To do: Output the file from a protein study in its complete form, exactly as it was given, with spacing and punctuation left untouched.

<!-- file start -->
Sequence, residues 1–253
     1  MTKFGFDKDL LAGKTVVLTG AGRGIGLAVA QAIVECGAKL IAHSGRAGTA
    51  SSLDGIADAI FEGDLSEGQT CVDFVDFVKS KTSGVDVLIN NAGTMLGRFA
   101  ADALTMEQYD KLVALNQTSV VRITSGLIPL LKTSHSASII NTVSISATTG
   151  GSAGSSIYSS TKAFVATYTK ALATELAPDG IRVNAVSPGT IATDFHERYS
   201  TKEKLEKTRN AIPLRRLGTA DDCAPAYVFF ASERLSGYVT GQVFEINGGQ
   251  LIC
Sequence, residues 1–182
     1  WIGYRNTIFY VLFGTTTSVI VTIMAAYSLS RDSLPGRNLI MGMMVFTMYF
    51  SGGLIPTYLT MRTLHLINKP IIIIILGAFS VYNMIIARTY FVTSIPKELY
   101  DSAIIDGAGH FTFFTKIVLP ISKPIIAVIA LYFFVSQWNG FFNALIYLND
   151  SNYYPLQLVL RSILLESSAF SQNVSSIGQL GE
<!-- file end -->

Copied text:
Sequence, residues 1–253
     1  MTKFGFDKDL LAGKTVVLTG AGRGIGLAVA QAIVECGAKL IAHSGRAGTA
    51  SSLDGIADAI FEGDLSEGQT CVDFVDFVKS KTSGVDVLIN NAGTMLGRFA
   101  ADALTMEQYD KLVALNQTSV VRITSGLIPL LKTSHSASII NTVSISATTG
   151  GSAGSSIYSS TKAFVATYTK ALATELAPDG IRVNAVSPGT IATDFHERYS
   201  TKEKLEKTRN AIPLRRLGTA DDCAPAYVFF ASERLSGYVT GQVFEINGGQ
   251  LIC
Sequence, residues 1–182
     1  WIGYRNTIFY VLFGTTTSVI VTIMAAYSLS RDSLPGRNLI MGMMVFTMYF
    51  SGGLIPTYLT MRTLHLINKP IIIIILGAFS VYNMIIARTY FVTSIPKELY
   101  DSAIIDGAGH FTFFTKIVLP ISKPIIAVIA LYFFVSQWNG FFNALIYLND
   151  SNYYPLQLVL RSILLESSAF SQNVSSIGQL GE